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How the practice of zazen could help women give birth.

During the last decade, I’ve been an on and off zazen practicioner. This means that regularly, I sit on my meditation cushion, and if possible, I join a zazen retreat once a year for some more sustained practice. I’ve often wondered whether zazen is really “it” for me – there’s no immediate result or goal, and the meditation is usually rather challenging. But I’ve come to realise that this practice has affected my daily life in a very subtle and profound way. It seems that in practicing zazen, I cultivate a mindset that helps me to cope with daily problems and challenges. Moreover, it’s on the most crucial moments in life that I seem to reap the true benefits from this practice. Let me explain what I mean, by sharing my own childbirth stories.

I’ve given birth three times.

The first time, in summer 2018, my contractions started somewhere in the evening, and lasted for about 30 hours, before finally my water broke. My body could only rest in “micro-sleeps” during the 10 minutes or so in between contractions. Because it was a first child, and because the whole process

took so incredibly long, it felt like I was dwelling in some sort of parallel universe. When finally I could start pushing out our baby boy, everything went smooth and fast. It was a clean, natural, uncomplicated standard hospital delivery.

The second time, in spring 2020, there was a problem. During the first trimester ultrasound, the doctor saw something abnormal – the bowels of the foetus were opaque on the screen. That was the start of an emotional rollercoaster, with nerve-wrecking waiting in between tests. My husband and I finally got the diagnosis: our unborn baby suffered from a severe type of cystic fibrosis. All around us the covid pandemic took hold of the world. We welcomed the increasing social isolation to face our dilemma: continue the pregnancy or not? After some weeks of intense enquiry and introspection, we decided to abort. I was 26 weeks pregnant when the doctor injected a lethal dose of potassium in the navel cord. About 12 hours after she died in my belly, I gave birth to our beautiful, sick baby girl. It was a horrible experience. The medication coaxed my body into a hasty, untempered labour. There

was no reward in the end, only death.

The third time, in fall 2021, we arranged everything for a home birth. My husband’s music studio – underground, dark, with great features like a starry sky and very soft acoustics – was completely transformed into a delivery room. The contractions started around midnight. Six hours later, tired and happy in the warm tub with my husband, I was holding our second baby boy in my arms.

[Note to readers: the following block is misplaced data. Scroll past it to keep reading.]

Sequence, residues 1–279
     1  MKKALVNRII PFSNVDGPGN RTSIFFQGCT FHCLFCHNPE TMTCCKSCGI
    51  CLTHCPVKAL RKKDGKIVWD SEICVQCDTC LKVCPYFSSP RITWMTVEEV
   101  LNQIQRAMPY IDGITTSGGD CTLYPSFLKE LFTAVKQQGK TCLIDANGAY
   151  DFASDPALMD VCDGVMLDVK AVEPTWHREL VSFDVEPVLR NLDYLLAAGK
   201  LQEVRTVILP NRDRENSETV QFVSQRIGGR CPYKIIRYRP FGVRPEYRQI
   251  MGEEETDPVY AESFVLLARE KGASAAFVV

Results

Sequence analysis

These births made for three completely different experiences, but they were all very intense in their own way. Physically they were relatively smooth - all vaginal, and all without anaesthesia, cuts or tears. My babies were always lean, and I have no medical preconditions that could complicate things.

Nevertheless, all three of these births were challenging, because that’s what giving birth is like. At the start, labour pains are mild and you get to rest a bit in between. But at some point it all gets so overwhelming, that full focus is required. It’s like nothing else exists anymore. There’s nowhere else to go to, there’s no escape button, there’s only this moment, and it hurts. In general, in our daily lives, we try to avoid intense situations like that. We like to be in charge of things, we like comfort and we avoid suffering. When giving birth, all of this gets challenged. Labour pains, medical interventions, uncertainties about how and when, ... every birth story is an extraordinary adventure.

How should one deal with this? You can’t really compare it to anything else, so how can a woman prepare and train for this? I don’t believe you really can. But maybe zazen can be helpful. Zazen is a practice of full commitment. It is a meditation technique, where you sit down with a straight back and you breathe. So basically you just sit, but you do this with everything you’ve got, every second, over and over. Often the mind wanders, the body aches, emotions bubble up. But whatever happens, you sit through, all the way through. You train focus, grace, and stamina. You learn to trust and relax, even when it gets rough. There’s no need to try anything, or to make an effort. The way to do it right, is to surrender, and to pour all of yourself into this moment, over and over again. And that is exactly what I found extremely helpful during my childbirth experiences. A midwife recently told me that “contractions” is a deceptive word. The womb is very muscled, that is true. But labour is not so much about squeezing. Rather it’s about stretching: the belly muscles pull the uterus upward, so that the cervix can shorten and open up. It might sound like a paradox, but in my experience, the biggest effort during labour is exactly that: opening up. It’s the effort of letting go. The body knows what to do, you just have to give it permission.

So stop trying, stop controlling, stop wanting to avoid pain, and dive in, whether you’re pregnant or not. Dive in with all you’ve got, over and over again. This is where life is born.

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